Norwich, Vt. — THINGS are always going to pieces for Stephen Richardson. But somehow he manages to put everything back together again. Well, that's the way life goes if you're a puzzle maker.
Calling himself a ``corporate dropout,'' Mr. Richardson wandered into the puzzlemaking business a dozen years ago. He says it took three full years before the logistics of jigsawing made any real sense to him. ``It took nearly 10 years before it made any real cents -- and dollars.'' But since 1974 he's turned a million pieces ``plus'' into bread and butter for himself, his wife, and two sons.
His puzzles definitely aren't kids' stuff. They're for jigsaw connoisseurs who have the chips to spend -- say between $100 and $2,000 per puzzle.
Tucked away in his green house and workshop amid Vermont's greenery, Richardson's company is the ``Tiffany's'' of the puzzle trade. He doesn't deal in the cardboard bafflers that are stamped out by machine at a rate of 2,000 a day. His puzzles are all custom crafted out of eight layers of wood with the reverse side made from a highly polished mahogany.
Richardson can create a puzzle of bottom-rung complexity (70 pieces) in two days. The 1,400-piece jigsaws take a week of solid work, and that generally means upping the 40-hour work week to six or seven days.
Richardson registers about 500 customers in his account books; of these, 400 are regulars, some wanting a puzzle a month.
A master at part-and-whole conceptualizing, he revels in matching wits with puzzle doers. And he's delighted when a frustrated buyer calls him -- even at 3 a.m. -- with a tirade because ``nothing fits together.''
But it does, eventually. For Richardson, all this interaction is like a chess challenge, only he isn't sitting across from his opponents. They're miles away.
With a bachelor's in math and a master's in computer science, Richardson has trained himself in the wiles of complexities and perplexities, so he's quite capable of tossing multiple teasers into each jigsaw.
He never puts a puzzle's picture on the slick blue shipping box -- the buyer gets only the title. And often all the puzzle's pieces have nearly the same shape, nearly being the key here. Or lots of the pieces look like edges (or borders) when they're not. Or one piece fits perfectly into two spaces. Richardson has no qualms about putting several of this type into a single puzzle -- a trick that's exasperating even for the experts.
The jigsaw artisan also goes for hiding puzzles within puzzles. He conceals sayings amid the pieces, using the rebus technique (a combination of pictures and letters). After a puzzle doer has his jigsaw together, he starts to search for a cryptogram in the picture, something like ``See you later, alligator'' (formed by puzzle pieces in the shapes of C-U-L-8-R plus an alligator outline).
In one form or another, Richardson personalizes most of his puzzles, often with the customer's name, initials, motifs of a hobby, or a message. Some of his special specializations:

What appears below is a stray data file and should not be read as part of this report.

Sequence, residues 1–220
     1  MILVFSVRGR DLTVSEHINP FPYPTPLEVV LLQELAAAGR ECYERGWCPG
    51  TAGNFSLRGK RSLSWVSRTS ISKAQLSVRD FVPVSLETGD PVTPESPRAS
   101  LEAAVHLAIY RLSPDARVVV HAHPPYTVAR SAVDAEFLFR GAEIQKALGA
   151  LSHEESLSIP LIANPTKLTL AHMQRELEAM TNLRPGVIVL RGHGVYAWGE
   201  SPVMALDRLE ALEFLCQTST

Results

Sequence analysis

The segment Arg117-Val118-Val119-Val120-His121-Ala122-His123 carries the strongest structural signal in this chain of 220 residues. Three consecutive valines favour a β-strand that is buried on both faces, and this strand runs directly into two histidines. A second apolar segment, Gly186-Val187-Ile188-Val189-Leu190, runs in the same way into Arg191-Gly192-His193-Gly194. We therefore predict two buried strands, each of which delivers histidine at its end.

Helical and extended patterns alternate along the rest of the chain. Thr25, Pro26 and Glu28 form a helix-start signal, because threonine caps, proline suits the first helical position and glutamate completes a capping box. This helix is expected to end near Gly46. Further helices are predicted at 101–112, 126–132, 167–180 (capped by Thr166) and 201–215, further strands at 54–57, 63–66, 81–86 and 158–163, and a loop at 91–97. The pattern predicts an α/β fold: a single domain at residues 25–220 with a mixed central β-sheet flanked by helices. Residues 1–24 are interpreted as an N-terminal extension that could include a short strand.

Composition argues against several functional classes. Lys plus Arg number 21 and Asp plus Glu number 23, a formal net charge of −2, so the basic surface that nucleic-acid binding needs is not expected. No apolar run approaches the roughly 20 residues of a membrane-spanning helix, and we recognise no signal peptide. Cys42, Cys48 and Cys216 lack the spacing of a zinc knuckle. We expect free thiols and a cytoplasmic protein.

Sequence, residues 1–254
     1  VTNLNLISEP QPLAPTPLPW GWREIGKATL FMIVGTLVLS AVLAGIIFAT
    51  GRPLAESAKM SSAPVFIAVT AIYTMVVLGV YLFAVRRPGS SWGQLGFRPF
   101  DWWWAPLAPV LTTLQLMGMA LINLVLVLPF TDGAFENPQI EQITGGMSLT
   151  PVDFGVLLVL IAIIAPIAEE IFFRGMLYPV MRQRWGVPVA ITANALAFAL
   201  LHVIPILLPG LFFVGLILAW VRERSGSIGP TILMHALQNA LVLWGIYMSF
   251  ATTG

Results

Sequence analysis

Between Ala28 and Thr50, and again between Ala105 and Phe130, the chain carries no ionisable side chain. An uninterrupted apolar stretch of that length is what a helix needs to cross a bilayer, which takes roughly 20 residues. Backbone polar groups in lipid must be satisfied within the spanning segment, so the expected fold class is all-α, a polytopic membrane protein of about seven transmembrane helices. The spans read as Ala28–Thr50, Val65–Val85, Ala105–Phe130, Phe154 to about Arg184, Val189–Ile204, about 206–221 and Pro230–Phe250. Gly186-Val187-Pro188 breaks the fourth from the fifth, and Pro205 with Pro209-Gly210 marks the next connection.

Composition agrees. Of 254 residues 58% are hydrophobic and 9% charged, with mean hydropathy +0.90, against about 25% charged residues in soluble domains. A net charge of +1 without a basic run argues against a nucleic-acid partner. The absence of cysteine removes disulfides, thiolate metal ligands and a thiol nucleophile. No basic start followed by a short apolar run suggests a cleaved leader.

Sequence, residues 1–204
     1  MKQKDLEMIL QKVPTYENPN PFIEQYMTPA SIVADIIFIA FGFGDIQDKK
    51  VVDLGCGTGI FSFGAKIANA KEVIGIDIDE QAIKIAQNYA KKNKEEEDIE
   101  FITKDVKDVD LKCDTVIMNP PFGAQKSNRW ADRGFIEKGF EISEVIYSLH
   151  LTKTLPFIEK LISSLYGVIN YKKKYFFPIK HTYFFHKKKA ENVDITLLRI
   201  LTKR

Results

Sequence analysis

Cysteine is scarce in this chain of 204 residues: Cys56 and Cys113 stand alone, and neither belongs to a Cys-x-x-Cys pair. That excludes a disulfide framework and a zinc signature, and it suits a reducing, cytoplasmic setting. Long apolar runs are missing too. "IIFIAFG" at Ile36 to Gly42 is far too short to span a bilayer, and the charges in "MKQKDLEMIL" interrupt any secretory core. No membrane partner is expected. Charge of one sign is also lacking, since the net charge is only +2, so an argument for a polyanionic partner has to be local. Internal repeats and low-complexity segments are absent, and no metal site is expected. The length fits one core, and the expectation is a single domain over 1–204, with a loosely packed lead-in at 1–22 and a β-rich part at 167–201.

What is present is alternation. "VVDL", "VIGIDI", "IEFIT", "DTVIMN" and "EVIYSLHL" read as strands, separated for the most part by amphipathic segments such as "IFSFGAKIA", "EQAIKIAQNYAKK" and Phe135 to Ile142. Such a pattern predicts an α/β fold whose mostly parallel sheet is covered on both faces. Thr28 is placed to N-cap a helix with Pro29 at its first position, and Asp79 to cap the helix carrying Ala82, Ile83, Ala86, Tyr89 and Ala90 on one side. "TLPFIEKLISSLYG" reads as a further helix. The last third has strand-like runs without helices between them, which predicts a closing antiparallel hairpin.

For Queen Elizabeth (the puzzle was ordered by the premier of New Brunswick as a gift), Richardson ``puzzle-ized'' an original painting by a New Brunswick artist, hiding within the pieces the pictures of a polo pony, pastoral animals, and royal crests.
For an orienteering buff, he made an eight-tiered puzzle reflecting the eight elevations on a particular topographical map.
For a European, he slipped in a love message to an American sweetheart.
For a Chicago couple, he added a message in Braille dots that were disguised as the jigsaw's design.
Puzzle pictures can be anything from a calendar to a Chagall; or a photo supplied by the buyer; or a painting Richardson has specifically commissioned.
From start to finish, each jigsaw takes about 30 steps, and Richardson will gladly share steps 1 (deciding on the picture), 2 (gluing the picture to the wood), and steps 28, 29, 30 (the finishing touches). But steps 3 to 27 are top secret. He doesn't even let visitors with an engineering eye tour the workshop.
As a child, Richardson wasn't a compulsive puzzle doer, although his grandmother always had plenty of jigsaws on the dining table at her summerhouse. And his business today isn't an inner dream that surfaced. He just sort of fell into the vocation when his life went to pieces a dozen years ago.
After stints in management consulting, Richardson says the corporate-commuter squeeze ``got to me.'' So he decided to chuck the big city for the placidity of the countryside. With family in tow, he took a job with a computer firm in Vermont. But within six months, he was on the street in a mass layoff.
``There I was,'' he says, ``with a new house'' and four mouths that needed food. That's when he joined forces with Dave Tibbetts, a graphic designer who also was a layoff victim. Together they marketed games and puzzles, doing only the ``creating,'' with the actual construction farmed out.
Their next move was the jigsaw business, and they named their company ``Stave,'' a combination of their first names. And wouldn't you know, stave just happens to mean ``come apart or break up'' -- ``that's if you take the dictionary's 20th definition,'' Richardson explains.
A year later, the partners parted, with Tibbetts going into children's puzzles while Richardson stayed with the adult line, retaining the name Stave.
``In those early days we were almost on welfare,'' he explains. ``But six one-inch ads in the New Yorker showed me there was a market out there.'' So the native New Englander stuck with the venture until all the pieces finally meshed into place. Orders now average 400 a year; his wife, Martha, has joined him at the scroll saw; and even the family car is part of the picture -- it carries the plates ``PUZZL.''